Dancer in the Dark review by Roman Wippel

The Musical Defense

If you know anything about Lars von Trier, a Danish film screenwriter and director, it is safe to say that his 2000 melodrama musical film Dancer in the Dark is planned and executed through the dialogue, plot, cinematography, character, and music.
The film stars Bjork, who plays a Selma, an immigrant from Czechoslovakia working in a factory in the United States. She befriends Kathy, played by Catherine Deneuve, who learns her secret that she is going blind. The plot takes an unfortunate twist when Selma’s landlord and police deputy Bill, played by David Morse, consoles her while she helps talk him through his own struggles with his wife, Linda, played by Cara Seymour, who is materialistic, spending their money, and threatening to cause Bill to lose all that he has worked for. At the moment he shows sympathy. Selma shares a secret with Bill about her blindness and her savings for her son’s eye operation. Left with no other alternative, Bill creates a plan to steal Selma’s savings without her knowing to save himself from his financial crisis.
One evening after Selma and Bill are finished talking, Selma tells Bill goodbye and stashes her earned salary in a tin box hidden behind an iron board unbeknownst to her that Bill has not left the house, watching her stash her savings. The following day, Selma’s fired from her job for breaking a machine from a prior shift and is given her remaining salary. She finds all her money missing and runs to Bill to report the crime but learns that Bill has brought his savings box with full of money home. Connecting their conversation days before with a savings box full of cash, Selma confronts Bill of his crime. Bill tells her that the only way she will ever get the money back is by killing him. After killing Bill and taking her money back, Selma deposits her savings for her son’s surgery at the hospital to keep from the police. She is brought to trial and found guilty of the murder under first degree and sentenced to death by hanging.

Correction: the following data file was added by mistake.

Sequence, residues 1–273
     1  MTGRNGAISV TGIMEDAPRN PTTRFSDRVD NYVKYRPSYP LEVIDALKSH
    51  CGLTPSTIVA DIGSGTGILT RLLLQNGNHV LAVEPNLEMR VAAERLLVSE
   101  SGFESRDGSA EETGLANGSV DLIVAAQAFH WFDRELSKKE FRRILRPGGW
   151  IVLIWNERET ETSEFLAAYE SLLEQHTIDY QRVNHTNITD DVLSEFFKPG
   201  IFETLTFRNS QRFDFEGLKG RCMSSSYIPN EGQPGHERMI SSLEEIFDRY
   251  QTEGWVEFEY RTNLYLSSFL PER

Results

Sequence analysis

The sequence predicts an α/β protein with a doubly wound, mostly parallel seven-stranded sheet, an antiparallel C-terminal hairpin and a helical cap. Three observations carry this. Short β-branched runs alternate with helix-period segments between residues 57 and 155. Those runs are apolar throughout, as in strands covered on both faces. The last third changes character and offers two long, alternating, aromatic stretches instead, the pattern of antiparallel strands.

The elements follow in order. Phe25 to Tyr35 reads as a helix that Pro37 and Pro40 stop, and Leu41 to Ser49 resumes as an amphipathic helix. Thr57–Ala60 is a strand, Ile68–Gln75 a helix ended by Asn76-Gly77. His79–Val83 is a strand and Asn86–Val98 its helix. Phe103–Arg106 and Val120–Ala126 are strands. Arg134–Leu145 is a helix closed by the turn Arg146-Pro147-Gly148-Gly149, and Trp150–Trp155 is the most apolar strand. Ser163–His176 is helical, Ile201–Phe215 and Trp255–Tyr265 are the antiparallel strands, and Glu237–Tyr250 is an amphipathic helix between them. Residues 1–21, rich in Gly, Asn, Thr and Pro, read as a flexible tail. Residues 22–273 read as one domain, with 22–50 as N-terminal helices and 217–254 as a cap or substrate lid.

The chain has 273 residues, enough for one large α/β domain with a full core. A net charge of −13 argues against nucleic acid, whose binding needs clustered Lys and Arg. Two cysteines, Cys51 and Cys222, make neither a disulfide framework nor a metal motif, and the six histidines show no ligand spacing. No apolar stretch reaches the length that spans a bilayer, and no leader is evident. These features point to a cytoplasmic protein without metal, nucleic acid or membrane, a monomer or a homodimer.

Through all of Selma’s ordeal, her only concern was to give her son the opportunity at life. Many critics found the film to be silly and outright unrealistic with the musical aspect. However, I beg to differ. The film is not one bit silly because of its varying styles of cinematography or its unorthodox musical numbers. If anything, these choices only make it more provocative, tear jerking, and heart-wrenching.